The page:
Starting Friday and extending into early next week, ambient temperatures across the region that includes McLean, Coles and Macon counties could touch the low- to mid-90s and dew points could measure into the low- to mid-70s.
Together, those conditions may produce a heat index of 95 to 105 degrees, meaning outside temperatures will feel like the low- to mid-100s, said Darrin Hansing, a service hydrologist with the National Weather Service.
"This is not record-breaking heat by any stretch," Hansing said. "Typically during summertime Central Illinois does get hot temperatures and increased humidity."
The warmest July temperature on record for the region is 113 degrees, logged on July 15, 1936. Average temperatures for July range in the mid-80s.
The NIFC is monitoring at least 78 fires burning in 13 states, with southern and central Idaho and Oregon, Northern California and the northern Rockies experiencing the worst of the flames.
Despite the predicted heat and humidity, Hansing said Central Illinois is far from being at risk for field fires or wildfires, largely because soils, crops and other foliage are still wet from recent storms.
"We haven't seen a prolonged dry period and we'd still need some fairly sustained winds that could promote the spreading of wildfires," Hansing said. "So we're not quite at that point yet. But should these conditions continue the next few weeks, then we might see some chance of that."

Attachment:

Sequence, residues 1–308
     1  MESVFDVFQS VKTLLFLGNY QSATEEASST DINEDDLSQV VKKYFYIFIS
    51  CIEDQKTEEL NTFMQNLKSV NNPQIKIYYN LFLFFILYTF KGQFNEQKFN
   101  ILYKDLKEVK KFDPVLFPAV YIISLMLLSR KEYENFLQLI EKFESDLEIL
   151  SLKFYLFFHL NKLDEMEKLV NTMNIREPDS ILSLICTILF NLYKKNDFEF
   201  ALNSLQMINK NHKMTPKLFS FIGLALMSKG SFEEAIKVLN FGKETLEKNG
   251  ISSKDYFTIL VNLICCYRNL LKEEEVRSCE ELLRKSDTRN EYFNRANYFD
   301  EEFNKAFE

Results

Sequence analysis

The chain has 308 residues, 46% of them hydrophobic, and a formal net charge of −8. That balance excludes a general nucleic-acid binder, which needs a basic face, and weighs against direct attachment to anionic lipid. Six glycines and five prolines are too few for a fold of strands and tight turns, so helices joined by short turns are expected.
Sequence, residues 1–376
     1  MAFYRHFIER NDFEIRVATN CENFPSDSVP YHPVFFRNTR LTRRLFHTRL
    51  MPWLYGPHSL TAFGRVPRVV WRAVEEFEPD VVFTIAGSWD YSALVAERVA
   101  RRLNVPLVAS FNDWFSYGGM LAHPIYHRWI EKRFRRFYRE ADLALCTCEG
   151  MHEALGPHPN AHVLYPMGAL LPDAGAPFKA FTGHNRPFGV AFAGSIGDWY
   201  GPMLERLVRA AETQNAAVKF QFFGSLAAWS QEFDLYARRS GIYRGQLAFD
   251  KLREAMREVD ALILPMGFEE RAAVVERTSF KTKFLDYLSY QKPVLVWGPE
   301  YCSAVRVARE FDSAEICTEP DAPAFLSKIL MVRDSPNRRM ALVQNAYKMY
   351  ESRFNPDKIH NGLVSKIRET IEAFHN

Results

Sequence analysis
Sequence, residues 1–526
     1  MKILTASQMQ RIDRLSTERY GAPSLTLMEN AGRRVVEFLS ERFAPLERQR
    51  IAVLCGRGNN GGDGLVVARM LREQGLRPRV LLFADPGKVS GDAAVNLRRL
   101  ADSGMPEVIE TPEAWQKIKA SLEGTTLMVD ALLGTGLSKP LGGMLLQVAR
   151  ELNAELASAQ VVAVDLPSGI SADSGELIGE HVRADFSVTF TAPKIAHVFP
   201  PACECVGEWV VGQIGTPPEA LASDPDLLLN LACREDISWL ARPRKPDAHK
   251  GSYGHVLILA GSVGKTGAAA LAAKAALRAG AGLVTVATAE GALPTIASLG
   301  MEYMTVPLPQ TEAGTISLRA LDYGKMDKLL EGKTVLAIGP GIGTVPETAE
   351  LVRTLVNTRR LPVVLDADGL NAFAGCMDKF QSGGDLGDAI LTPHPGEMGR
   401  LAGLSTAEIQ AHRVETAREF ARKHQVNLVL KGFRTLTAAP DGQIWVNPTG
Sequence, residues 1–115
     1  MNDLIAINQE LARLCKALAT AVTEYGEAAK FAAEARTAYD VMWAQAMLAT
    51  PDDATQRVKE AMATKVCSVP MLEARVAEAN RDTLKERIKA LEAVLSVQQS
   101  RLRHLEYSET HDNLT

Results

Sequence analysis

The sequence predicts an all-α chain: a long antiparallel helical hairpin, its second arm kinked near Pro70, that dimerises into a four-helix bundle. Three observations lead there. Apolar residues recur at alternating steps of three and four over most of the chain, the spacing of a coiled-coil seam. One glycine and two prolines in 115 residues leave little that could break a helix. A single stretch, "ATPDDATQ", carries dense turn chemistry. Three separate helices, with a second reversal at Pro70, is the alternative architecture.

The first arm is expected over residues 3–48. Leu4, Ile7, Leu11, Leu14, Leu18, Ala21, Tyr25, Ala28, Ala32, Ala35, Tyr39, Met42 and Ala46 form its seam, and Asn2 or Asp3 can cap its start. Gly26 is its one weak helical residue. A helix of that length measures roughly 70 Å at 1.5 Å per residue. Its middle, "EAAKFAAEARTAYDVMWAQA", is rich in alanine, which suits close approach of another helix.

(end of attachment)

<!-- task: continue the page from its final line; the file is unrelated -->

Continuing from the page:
Nonetheless, Central Illinois — including all of the Midwest and even the East Coast — is feeling the effects of the fires out west.
The red sun, according to NWS meteorologist Brian Leatherwood, is due to increased particles in the atmosphere from the smoke or haze produced by the fires and brought over by the wind. Red is the only color that gets through these particles, producing a vibrant red sun.
The particles have also translated to an air quality index measure of "unhealthy for sensitive groups." And because of the upcoming increased humidity levels and reduced wind speeds, that rating will likely remain unchanged, Hansing said.
To stay protected from the conditions and prevent heat exhaustion, heat stroke or dehydration, Hansing said people should avoid strenuous outdoor activity and spending prolonged periods outside in the direct sun.
"You also want to drink plenty of water and check in on young and elderly people, who are more vulnerable to the heat," Hansing said. "And, of course, don't leave children or pets in your vehicle."
The Chicago Tribune contributed to this report.
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Contact Timothy Eggert at (309) 820-3276. Follow him on Twitter: @TimothyMEggert